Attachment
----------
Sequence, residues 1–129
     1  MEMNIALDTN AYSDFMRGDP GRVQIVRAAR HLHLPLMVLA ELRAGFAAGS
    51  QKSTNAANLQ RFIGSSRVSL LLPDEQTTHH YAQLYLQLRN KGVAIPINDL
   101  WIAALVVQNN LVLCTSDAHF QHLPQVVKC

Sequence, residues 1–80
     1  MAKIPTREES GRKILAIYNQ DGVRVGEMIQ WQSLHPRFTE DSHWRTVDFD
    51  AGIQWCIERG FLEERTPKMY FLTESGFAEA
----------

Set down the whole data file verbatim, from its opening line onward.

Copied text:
Sequence, residues 1–129
     1  MEMNIALDTN AYSDFMRGDP GRVQIVRAAR HLHLPLMVLA ELRAGFAAGS
    51  QKSTNAANLQ RFIGSSRVSL LLPDEQTTHH YAQLYLQLRN KGVAIPINDL
   101  WIAALVVQNN LVLCTSDAHF QHLPQVVKC

Sequence, residues 1–80
     1  MAKIPTREES GRKILAIYNQ DGVRVGEMIQ WQSLHPRFTE DSHWRTVDFD
    51  AGIQWCIERG FLEERTPKMY FLTESGFAEA